Band: Tiger Army
Label/Vertrieb: Luna-tone / Rise Records
Due out Sept. 13, 2019, ‘Retrofuture’ is the bands’ sixth full-length (their second on Luna-tone / Rise Records) – it arrives a full two decades after their first album.
Produced by Ted Hutt (Gaslight Anthem, Old Crow Medicine Show, Lucero), the LP’s concept is elaborated on by frontman Nick 13: “Retrofuturism is generally a visual aesthetic, but it got me thinking, it’s the perfect description for our sound! The gear and instruments are mostly 1950s and 60s, but while the tones may be classic, we’ve always tried to push into uncharted territory musically with each release. So the idea behind this record was to create our version of what someone might imagine future rock ’n’ roll sounding like, but from the perspective of the mid-20th century.”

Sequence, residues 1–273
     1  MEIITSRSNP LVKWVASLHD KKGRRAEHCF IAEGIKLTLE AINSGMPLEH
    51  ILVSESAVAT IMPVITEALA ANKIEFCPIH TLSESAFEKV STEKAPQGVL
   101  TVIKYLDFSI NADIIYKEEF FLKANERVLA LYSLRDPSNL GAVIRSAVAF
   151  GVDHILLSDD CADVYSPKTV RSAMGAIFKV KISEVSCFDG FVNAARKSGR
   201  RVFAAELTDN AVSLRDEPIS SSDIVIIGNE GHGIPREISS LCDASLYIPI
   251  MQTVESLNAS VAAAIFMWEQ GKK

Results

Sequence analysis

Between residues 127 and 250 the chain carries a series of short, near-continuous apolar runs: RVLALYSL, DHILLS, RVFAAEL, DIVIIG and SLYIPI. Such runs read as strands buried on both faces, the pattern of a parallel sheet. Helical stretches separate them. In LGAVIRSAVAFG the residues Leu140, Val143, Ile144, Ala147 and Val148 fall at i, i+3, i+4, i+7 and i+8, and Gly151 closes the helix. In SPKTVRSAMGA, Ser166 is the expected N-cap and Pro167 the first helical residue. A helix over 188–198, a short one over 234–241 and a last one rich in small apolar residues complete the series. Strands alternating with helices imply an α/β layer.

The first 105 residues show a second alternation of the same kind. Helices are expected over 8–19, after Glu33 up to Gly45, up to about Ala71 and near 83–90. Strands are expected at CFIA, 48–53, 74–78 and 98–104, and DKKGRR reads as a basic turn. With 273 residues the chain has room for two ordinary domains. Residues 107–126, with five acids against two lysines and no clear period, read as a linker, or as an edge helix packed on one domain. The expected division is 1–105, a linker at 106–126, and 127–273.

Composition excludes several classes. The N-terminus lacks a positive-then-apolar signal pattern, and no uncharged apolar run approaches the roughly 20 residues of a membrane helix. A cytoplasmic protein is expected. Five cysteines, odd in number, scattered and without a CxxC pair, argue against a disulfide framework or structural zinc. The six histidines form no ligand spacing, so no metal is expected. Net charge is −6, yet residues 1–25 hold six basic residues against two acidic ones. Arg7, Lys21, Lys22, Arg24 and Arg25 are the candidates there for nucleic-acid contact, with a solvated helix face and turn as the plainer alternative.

Brimming with vintage fuzz, tape echo and reverb, the album’s thirteen tracks weave stylistically through vintage punk, garage and rock ’n’ roll, while still maintaining a curious modernity as influences from Latin music to surf shoot through like satellites in the night sky. Present as always are the band’s signature melodicism and 13’s ethereal vocals.
The band will embark on the “Retrofuture Tour” in September, with dates through the end of 2019 taking them across the United States, Canada, the EU, UK and Mexico. Fellow Angelenos SadGirl will support in the States, with Finnish post-punks Grave Pleasures supporting in Europe and the UK.
‘Retrofuture’ follows last summer’s ‘Dark Paradise’ EP, the title track being the trio’s take on the Lana Del Rey song. The EP drew on midcentury surf and exotica music, while the visuals reflected a love of Tiki subculture. The single received airplay on KROQ in Los Angeles and various specialty radio stations around the country. The release was supported solely by two sold out shows at The Theatre at Ace Hotel in Los Angeles as the rest of the year was reserved for writing what would become the new LP.